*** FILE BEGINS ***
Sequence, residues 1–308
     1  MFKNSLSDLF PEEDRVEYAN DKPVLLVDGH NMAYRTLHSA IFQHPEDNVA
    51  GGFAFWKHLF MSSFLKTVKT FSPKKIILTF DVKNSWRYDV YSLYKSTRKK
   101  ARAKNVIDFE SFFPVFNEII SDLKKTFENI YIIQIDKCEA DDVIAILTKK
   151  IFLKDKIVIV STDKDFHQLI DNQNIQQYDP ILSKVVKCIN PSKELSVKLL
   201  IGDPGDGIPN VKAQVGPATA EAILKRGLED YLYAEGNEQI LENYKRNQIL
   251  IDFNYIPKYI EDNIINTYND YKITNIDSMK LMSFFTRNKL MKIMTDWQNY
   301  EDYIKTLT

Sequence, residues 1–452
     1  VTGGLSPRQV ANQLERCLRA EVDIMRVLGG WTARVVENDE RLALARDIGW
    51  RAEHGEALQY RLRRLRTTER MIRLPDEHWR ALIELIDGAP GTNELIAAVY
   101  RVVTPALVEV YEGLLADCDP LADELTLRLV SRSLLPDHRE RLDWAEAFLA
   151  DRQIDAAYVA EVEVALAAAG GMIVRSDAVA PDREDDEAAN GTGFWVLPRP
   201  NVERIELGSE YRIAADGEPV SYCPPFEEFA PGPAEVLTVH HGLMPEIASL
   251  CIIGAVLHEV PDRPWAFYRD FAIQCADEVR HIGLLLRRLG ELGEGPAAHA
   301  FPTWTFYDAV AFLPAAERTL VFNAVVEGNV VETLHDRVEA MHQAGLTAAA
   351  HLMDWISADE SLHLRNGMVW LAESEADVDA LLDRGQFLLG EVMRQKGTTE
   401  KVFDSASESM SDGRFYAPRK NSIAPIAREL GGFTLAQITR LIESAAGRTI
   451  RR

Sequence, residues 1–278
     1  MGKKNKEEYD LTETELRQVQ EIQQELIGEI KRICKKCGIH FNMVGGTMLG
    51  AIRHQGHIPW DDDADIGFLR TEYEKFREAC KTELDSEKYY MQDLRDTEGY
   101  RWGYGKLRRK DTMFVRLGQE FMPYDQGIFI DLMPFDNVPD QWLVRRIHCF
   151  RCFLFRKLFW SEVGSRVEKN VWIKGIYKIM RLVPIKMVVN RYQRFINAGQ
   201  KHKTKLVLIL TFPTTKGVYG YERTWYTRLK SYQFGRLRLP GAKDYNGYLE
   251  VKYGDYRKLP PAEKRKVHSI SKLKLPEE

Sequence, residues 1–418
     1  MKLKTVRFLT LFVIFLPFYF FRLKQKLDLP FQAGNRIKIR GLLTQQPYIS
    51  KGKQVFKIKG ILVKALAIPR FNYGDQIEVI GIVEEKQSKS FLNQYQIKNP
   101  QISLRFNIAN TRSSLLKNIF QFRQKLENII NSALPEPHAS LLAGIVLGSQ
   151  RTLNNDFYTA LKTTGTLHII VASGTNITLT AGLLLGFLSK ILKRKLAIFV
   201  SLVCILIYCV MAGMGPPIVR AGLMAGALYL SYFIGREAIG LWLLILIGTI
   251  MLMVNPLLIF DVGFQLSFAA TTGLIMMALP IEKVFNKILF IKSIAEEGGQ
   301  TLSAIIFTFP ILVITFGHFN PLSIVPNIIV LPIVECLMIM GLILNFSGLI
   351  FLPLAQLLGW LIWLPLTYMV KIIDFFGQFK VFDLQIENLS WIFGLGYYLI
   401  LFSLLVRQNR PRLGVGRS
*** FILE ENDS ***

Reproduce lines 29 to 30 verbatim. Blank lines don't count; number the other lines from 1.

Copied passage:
    51  KGKQVFKIKG ILVKALAIPR FNYGDQIEVI GIVEEKQSKS FLNQYQIKNP
   101  QISLRFNIAN TRSSLLKNIF QFRQKLENII NSALPEPHAS LLAGIVLGSQ